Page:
"The .243 (Winchester) caliber is just light enough that it doesn't kick like a mule," said Kandi, noting that the cartridge is not only her preferred choice but also the favorite of her husband and show co-host Don.
"But it's just heavy enough to get the job done for whitetails."
Like the Lakoskys, the Iowa-based Kisky was quick to point out that in their region of North America, it's often either shotguns or muzzleloaders only when gun seasons roll around in the Midwest.
And when it is, both Kandi and Don Kisky opt for a .50 caliber CVA muzzleloader when they are gun hunting in chilly late season conditions.
In other places where a centerfire rifle is legal, the .243 Winchester continued to be a popular choice.
For Mark Drury, co-host of the show THIRTEEN on Outdoor Channel, there is plenty of muzzleloader usage in the Midwestern states that he hunts along with brother Terry, daughter Taylor and nephew Matt.
That's especially true when winter weather conditions are putting bucks back on the post-rut feed bag while late season gun hunting seasons are open.
But when the Drury crew is hunting in Missouri – or perhaps in a state like Texas – there are modern firearm and cartridge options with some advantages.
And when such options are available, Drury says the THIRTEEN crew likes to use a cartridge with good accuracy and light recoil.
"I like the .243 (Winchester)," said Drury. "It's got less kick and that equates to greater accuracy among our guests. And when it's coupled with the new Deer Season XP bullet from Winchester, that makes it devastating!"
Drury pointed to several big buck kills on their shows in recent years that have come by way of the .243 Winchester.
"Taylor's buck taken last November was at 135 yards and she dropped it with the Deer Season XP (bullet)," said Drury.
Taylor Drury poses with a nice 10-point buck she harvested with a Winchester Deer Season XP cartridge in November 2014. (Photo courtesy of the Drurys)
Down south in the Lone Star State, Jordan Shipley, co-host of The Bucks of Tecomate show, has his own caliber preference.
To some degree, his choice is based on the hunting conditions that exist in South and West Texas where the former high school, college and NFL football wide receiver has done much of his deer hunting over the years. But as Shipley's hunting horizons expand with his new career, his preferred cartridge remains a solid choice for deer.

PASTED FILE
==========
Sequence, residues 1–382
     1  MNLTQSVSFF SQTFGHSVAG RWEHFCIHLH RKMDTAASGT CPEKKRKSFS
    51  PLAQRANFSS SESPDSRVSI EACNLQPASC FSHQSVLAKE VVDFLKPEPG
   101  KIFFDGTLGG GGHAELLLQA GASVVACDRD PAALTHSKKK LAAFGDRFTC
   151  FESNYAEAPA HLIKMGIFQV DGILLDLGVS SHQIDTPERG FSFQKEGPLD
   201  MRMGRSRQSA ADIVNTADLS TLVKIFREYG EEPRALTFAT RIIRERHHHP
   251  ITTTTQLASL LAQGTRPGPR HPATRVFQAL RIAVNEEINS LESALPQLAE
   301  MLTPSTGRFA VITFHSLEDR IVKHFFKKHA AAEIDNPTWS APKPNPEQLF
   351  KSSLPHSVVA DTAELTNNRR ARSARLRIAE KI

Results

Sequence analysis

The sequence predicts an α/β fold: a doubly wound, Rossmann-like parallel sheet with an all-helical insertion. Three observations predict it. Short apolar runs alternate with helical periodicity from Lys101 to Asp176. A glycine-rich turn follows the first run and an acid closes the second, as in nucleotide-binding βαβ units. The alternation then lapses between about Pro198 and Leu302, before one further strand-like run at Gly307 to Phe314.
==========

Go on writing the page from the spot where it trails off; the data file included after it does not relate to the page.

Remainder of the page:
"I shoot a .280 Remington (7mm-06, 7mm Express) most of the time," said Shipley, a Hoyt bow pro-staffer who does much of his gun hunting later on in the year when the rut is on in deep South Texas.
"On the .280, I like the ballistic coefficient of the caliber," he added. "It's a big enough gun, but it's not a cannon that is over the top. It's a really accurate and flat shooting caliber and I really like that, especially in Texas."
Lest you think the caliber is only for a South Texas deer hunt, think again since in days gone by, it has been described in print by none other than Realtree Outdoors' Bill Jordan as one of his own favorite rifle calibers/cartridges for deer.
For Bassmaster Elite Series and Major League Fishing pro Kevin VanDam, who hunts in the Upper Midwest, Kansas and in Texas depending on the year, his favorite cartridge is similar to what's noted above.
"Right now, I'm shooting a 7mm Ultra Mag," said VanDam. "But to be honest, my favorite caliber (cartridge) is a .280 (Remington). I have two of them and I gave them both to my boys, it's what they shoot now."
When I pressed for why KVD loves the .280 Remington, his answer was familiar.
"It doesn't have too much recoil, it's really flat shooting, especially with a 140-grain bullet out to 300 yards or so," said VanDam. "And it doesn't have an extra long action, so you don't have to have a big heavy rifle to carry around.
"It's pretty hard to beat for the type of hunting that we do where you're looking at short- to mid-range shots."
So what's the bottom line – and what you, the reader, should take away – from all of this gun talk as the preferred calibers/cartridges of Outdoor Channel show hosts?
Simply this: Whatever a hunter's preferred caliber/cartridge is and whatever the reasons for such a choice happen to be, the hunter (celebrity or not) has to be deadly proficient with it, turning a bullet tucked into the chamber into a one-shot kill resulting in a whitetail quickly and humanely dispatched downrange.
And that's something that should be the goal of each and every deer hunter setting foot afield for Deer Season 2015, whether or not there are any TV cameras recording the action.